avatar_Brian da Basher

1/72 Gloster-Nieuport "Greyhound" from the classic Airfix kit

Started by Brian da Basher, November 12, 2008, 12:43:07 PM

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Brian da Basher

A little known bit of British aerospace history is the keen competition for the single-engine fighter specification issued by the Air Ministry in 1928. At that point, the R.A.F. was equipped with primarily obsolescent types not much improved since the Great War. All the major British firms submitted proposals, but none matched the Gloster-Nieuport design for being on the cutting edge of technology.

It all began shortly after Gloster and Nieuport formed an alliance. While sorting things out, a large supply of spare Nieuport 28 horizontal and vertical stabilizers were found in a warehouse in the tiny village of Chat d'Mauvais-Tempéré. Of course, Gloster-Nieuport was able to enjoy a large tax write off due to depreciation and amortization, but they sought to double their money by actually using the parts in a new design. The chief Nieuport designer, Comte de Camembert managed to work the found parts in, but was bedeviled by designing a modern fuselage.

Enter a clerk at Supermarine named Ian Overisead who loved to bet at the greyhound track. When he lost it all on a long shot, Ian was offered a way to dig himself out of his hole and gave copies of R.J. Mitchell's latest fuselage design studies to a Gloster-Nieuport agent. Comte de Camembert quickly incorporated them, and the Gloster-Nieuport Greyhound was born. The Greyhound was truly revolutionary for its time and the Royal Air Force proceeded cautiously, only ordering a test squadron.

No. 43 Sqdrn. was re-equipped with the new spatted wonder in 1930 and is best remembered for delighting crowds with their aerobatic displays. No. 43 Sqdrn. also gained further fame when C flight intercepted the off-course Soviet airship Maxim Gorky in 1931. By the mid-1930's the Greyhound was superceded by more advanced types and it was relegated to use as squadron hacks. By that point, its engines had become unreliable due to a scarcity of cod-liver oil used as a lubricant, and pilots assigned to fly the old crate were heard to exclaim, "Not that dog again!" No examples exist today, but recently some color photos taken in 1938 were found of K938 and are shown here.

Brian da Basher

Brian da Basher

The basis for this project is the venerable 1/72 Airfix Spitfire Mk. I which I got for $4. While thinking about how to back-date it a bit, I discovered that the tailfeathers from a Nieuport 28 were an almost perfect fit as well as the engine and cowling and a wing leftover from a 1/48 SPAD XIII. I actually took a spare engine and added it to make it a double row engine, but you can't see it behind the cowling. I added a bomb tip onto the Nieuport 28 prop for a spinner and used landing gear doors from a Brewster Buffalo and a pair of Aeroclub Gloster Gauntlet spats. The machine gun fairings are from sprue and the barrels are spare struts. I made a windscreen from a piece of clear plastic and added seatbelts made from Tamiya tape. Plastic card was used to cover up the rear of the 'pit and looks like an access panel for the radio.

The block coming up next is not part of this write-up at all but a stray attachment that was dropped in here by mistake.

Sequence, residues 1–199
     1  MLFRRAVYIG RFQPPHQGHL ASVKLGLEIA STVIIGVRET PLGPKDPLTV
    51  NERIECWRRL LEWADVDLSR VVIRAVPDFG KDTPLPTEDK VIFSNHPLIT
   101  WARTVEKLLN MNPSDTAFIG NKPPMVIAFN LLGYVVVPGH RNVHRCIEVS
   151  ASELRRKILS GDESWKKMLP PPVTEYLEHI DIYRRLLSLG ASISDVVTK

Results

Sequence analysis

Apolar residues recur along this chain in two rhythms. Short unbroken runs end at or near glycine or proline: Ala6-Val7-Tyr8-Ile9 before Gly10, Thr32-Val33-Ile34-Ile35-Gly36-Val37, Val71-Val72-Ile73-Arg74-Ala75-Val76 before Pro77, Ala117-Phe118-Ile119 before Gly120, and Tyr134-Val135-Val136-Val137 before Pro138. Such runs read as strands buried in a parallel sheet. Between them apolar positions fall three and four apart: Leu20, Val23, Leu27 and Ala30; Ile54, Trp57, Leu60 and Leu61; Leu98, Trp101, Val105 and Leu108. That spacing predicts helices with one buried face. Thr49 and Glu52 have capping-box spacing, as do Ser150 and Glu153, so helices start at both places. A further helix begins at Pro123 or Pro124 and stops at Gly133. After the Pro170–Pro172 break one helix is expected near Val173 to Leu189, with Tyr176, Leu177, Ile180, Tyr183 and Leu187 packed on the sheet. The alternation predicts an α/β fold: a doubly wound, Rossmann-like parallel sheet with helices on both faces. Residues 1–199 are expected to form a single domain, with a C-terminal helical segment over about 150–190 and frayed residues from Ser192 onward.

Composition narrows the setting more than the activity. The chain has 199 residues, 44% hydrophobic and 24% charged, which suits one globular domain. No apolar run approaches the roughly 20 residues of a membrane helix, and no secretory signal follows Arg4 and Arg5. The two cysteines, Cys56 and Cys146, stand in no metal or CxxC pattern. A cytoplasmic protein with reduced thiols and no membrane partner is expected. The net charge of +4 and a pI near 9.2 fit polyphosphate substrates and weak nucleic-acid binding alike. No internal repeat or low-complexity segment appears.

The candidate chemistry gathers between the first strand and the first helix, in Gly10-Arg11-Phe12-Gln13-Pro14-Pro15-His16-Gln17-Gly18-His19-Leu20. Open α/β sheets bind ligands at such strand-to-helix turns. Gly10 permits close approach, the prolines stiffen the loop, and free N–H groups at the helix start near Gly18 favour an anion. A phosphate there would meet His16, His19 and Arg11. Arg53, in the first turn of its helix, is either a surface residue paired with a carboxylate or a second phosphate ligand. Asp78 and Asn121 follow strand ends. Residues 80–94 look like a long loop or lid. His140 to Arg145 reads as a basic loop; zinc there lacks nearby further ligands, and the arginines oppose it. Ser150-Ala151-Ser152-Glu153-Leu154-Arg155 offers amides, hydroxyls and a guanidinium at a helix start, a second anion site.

The entire model was brush painted by hand in acrylics and the decals are mostly from the Matchbox Hawker Fury.

Now that we have an extra two weeks, I might make another entry from the left over wings, tail and engine.

Brian da Basher

Ed S

Very nice.  This week's model is another beauty.  It sure doesn't look much like a Spitfire though.

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Brian da Basher

Quote from: Ed S on November 12, 2008, 01:18:29 PM
Very nice.  This week's model is another beauty.  It sure doesn't look much like a Spitfire though.


Thanks Ed! I was hoping people could tell it was from a Spitfire by the two kit exhausts I used.
Brian da Basher


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My MacBook informs me that the parts were found in the village of Cat the Badone. This pleases me, it's good to see someone is alos coming up with ridiculous place names (okay, mine are all cake themed but still!)

Nice build.
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Huh, finally, a SPitfire with SPats....who woulda thunk it?  Heh, heh.   :banghead:
You turn everything you touch into an original work of art, BdaB.   :wub:

Good (great) job.  You make it look way to easy, dammit!   :bow:
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Does it strike anyone else that maybe this plane belongs on the air racing circuit with those lines?
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She's gorgeous!

Those 43 Sqn markings really do look fantastic on everything, don't they?
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